Our federal government continues to make strides towards a simplified process to apply for financial aid. Beginning late next year, students will be permitted to submit for federal student aid based upon their family’s financial details from two years earlier, instead of the year immediately prior to attending college.
Under the current rules for aid qualification, students planning to attend college must wait to file the Free Application for Federal Student Aid (FAFSA) until January of the year they plan to attend college. As the FAFSA requires information from their family’s tax return (generally filed in April), students generally wait several months after the January beginning date to submit their aid application.
Under the new policy, students who plan to apply for federal financial aid will be permitted to file up to 3 months earlier. Beginning with the 2017-2018 school year, students may submit their FAFSA in October 2016 using income data from 2015. This offers students and families the opportunity to submit the FAFSA using information gleaned from their 2015 income tax returns.
The benefits of such a policy change are numerous. First, students will have information in their hands about their aid eligibility prior to submitting college applications. They can now make informed decisions where to apply based upon their financial aid eligibility. Students also increase their chances of receiving state financial aid as it typically is offered on a first-come, first-served basis.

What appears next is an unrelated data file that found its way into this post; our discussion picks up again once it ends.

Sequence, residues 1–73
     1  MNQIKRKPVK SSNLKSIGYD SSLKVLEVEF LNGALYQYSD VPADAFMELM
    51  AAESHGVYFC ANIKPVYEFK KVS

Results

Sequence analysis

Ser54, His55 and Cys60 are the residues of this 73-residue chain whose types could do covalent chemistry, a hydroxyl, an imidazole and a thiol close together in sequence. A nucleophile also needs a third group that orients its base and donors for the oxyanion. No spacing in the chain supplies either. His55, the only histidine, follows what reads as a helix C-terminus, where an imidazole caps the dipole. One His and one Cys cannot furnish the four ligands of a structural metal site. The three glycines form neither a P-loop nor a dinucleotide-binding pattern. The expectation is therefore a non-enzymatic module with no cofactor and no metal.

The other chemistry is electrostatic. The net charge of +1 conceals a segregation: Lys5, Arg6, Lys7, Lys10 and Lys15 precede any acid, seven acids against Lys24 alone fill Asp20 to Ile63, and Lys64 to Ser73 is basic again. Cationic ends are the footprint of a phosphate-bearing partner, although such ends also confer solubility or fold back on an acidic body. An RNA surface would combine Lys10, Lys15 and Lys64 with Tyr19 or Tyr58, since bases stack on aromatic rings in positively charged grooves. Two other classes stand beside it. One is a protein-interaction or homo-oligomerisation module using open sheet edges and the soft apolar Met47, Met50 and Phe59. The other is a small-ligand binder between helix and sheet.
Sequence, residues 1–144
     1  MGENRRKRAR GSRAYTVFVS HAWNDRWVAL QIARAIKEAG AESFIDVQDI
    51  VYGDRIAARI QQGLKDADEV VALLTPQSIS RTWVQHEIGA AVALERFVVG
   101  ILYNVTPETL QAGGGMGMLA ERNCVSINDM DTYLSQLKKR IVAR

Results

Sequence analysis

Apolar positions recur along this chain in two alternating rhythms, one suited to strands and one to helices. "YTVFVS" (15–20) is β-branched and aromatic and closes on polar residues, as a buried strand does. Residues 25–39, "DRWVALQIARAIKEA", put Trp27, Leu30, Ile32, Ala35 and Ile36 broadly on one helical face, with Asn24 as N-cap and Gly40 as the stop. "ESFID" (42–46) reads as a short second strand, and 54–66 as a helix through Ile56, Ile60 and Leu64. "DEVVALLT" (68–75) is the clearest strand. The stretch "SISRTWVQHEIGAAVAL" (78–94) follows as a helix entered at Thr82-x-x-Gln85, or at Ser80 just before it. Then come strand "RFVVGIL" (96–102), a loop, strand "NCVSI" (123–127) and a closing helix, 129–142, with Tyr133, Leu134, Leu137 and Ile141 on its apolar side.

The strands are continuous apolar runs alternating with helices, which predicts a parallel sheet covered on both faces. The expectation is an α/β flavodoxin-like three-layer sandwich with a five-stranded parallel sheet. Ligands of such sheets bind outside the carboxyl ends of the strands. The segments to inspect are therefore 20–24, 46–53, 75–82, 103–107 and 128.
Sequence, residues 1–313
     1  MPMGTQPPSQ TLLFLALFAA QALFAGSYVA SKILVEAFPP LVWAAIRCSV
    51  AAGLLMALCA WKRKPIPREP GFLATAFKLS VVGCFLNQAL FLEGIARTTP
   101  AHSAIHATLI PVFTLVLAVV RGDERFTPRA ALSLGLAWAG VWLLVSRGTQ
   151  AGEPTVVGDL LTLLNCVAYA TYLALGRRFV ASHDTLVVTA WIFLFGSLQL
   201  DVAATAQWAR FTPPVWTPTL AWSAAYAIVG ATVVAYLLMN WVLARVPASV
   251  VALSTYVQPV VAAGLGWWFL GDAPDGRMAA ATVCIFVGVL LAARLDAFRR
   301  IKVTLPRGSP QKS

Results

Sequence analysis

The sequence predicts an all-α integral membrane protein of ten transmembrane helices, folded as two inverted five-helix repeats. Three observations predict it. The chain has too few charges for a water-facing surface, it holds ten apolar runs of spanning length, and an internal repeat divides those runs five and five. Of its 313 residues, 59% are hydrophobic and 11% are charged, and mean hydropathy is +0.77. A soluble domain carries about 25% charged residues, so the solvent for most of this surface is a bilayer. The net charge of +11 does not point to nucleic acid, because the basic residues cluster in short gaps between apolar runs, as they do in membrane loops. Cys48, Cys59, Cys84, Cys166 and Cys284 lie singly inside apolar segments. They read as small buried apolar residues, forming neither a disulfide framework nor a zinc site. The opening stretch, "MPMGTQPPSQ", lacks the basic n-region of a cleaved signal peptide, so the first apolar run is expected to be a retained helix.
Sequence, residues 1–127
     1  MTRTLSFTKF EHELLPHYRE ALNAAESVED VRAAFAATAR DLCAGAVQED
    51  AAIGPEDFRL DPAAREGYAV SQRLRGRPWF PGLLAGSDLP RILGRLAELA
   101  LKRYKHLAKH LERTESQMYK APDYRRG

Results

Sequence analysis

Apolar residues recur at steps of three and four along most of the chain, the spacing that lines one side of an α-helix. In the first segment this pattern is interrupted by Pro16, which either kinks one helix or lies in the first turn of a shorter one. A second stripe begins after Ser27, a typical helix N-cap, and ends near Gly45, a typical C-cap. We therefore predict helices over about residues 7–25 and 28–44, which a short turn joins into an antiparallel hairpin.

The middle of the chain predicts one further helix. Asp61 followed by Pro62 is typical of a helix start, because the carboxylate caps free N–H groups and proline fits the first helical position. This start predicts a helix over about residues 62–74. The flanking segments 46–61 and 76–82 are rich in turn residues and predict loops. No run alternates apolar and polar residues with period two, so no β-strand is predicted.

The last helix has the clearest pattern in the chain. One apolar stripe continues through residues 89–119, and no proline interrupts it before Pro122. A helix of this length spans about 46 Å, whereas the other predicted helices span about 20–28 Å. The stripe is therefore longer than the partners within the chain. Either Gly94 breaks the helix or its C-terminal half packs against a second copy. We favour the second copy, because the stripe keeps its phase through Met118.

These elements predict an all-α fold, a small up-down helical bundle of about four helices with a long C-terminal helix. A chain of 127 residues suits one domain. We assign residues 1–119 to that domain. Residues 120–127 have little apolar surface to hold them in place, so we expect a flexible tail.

Next, more families will now be able to take advantage of the IRS Data Retrieval Tool (presently only about 20% of applicants benefit from this feature). This Tool pre-populates data in the FAFSA with information derived from a family’s federal tax return. Using this Tool will save families a great deal of time completing the FAFSA and reduce the number of errors from the former method of manual data entry. A FAFSA submission completed using the IRS Data Retrieval Tool generally won’t be audited, further speeding up the processing time and offering parents results on their aid eligibility more quickly.
While most families will applaud the recent changes, a few people might not. Parents who have a high school junior planning to attend college upon graduation in 2017 will submit their FAFSA based upon income earned this year. If 2015 earnings were much higher than normal due to extenuating circumstances, this might negatively impact a student’s ability to receive financial aid.
So who might this affect? A business owner who had an uncharacteristically profitable year or sold his/her business; an individual who exercised stock options or sold stocks with a large short-term gain; a salesperson who made greater commissionable sales than normal, or a professional who received a large bonus. If any of these scenarios are similar to yours, you might be able to improve your situation by the end of 2015 if you take strategic action.
Overall, the changes to the financial aid application process have taken a giant step in the right direction. As our legislators continue to seek ways to help families navigate and pay for college, it’s hard not to wonder about what might come next? Stay tuned…